BANGOR, Maine — Janet Mills becomes governor, Aaron Frey replaces her as Attorney General, now someone needs to replace him as the district 124 state representative.

Four candidates think they’re the ones for the job.

Democrats Sarah Nichols and Joe Perry and republicans Daniel LaPointe and Thomas White.

All are eager to represent parts of Bangor and Orono.

Nichols is the current Bangor City Council chair and wants to continue to serve her community.

“There have been a lot of issues that aren't just, they are local issues but a lot of them aren't necessarily things we can solve at the local level but we can solve at the state level.” She said.

Perry, a local businessman, is running against her for his party's nomination.
He has also served on the Bangor city council but decided to shift his political focus.

“I ran for the city council because I thought my experience in Augusta would be good here in Bangor but what I realized is, it's really better served back in Augusta. I can do more to help people here in Bangor if I'm serving in Augusta.” He said.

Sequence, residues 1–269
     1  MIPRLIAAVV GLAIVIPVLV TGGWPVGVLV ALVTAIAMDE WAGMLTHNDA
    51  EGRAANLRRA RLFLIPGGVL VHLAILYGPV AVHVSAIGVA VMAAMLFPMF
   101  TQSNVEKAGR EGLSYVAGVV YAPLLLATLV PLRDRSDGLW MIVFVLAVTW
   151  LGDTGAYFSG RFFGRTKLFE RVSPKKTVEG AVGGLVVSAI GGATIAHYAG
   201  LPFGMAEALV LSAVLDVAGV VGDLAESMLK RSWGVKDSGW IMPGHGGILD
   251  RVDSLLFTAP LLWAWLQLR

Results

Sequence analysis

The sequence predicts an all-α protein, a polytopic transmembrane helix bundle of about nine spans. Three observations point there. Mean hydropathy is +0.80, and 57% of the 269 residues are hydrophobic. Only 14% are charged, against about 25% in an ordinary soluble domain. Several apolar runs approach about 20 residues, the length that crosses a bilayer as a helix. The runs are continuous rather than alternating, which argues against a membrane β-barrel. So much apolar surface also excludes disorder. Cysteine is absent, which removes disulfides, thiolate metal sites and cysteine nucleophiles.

LaPointe and White have a few similarities. They are both Maine Maritime Academy graduates and both have never held public office before.
LaPointe has run for this seat before. Among his reasons to run again, “All for energy, but renewable such as hydro, unfortunately that's not being looked at very in our state at this time.”

White is a new comer and wants to see more of his peers getting involved.

“I think we need young people in politics. We need to start encouraging new ideas in Augusta to try t push this state forward.” He said.

The democratic caucus to choose between Perry and Nichols is Tuesday night at 6 p.m. at the Old Penobscot County Courthouse on Hammond Street in Bangor.

The republicans will caucus on Wednesday at 6:30 p.m. at the Crosspoint Church on outer Broadway.

The special election between the final two is set for Tuesday March 12.

While this election will be the only one on the ballot, all four candidates say they will campaign with door knocking, phone calls and signs, just like any other election.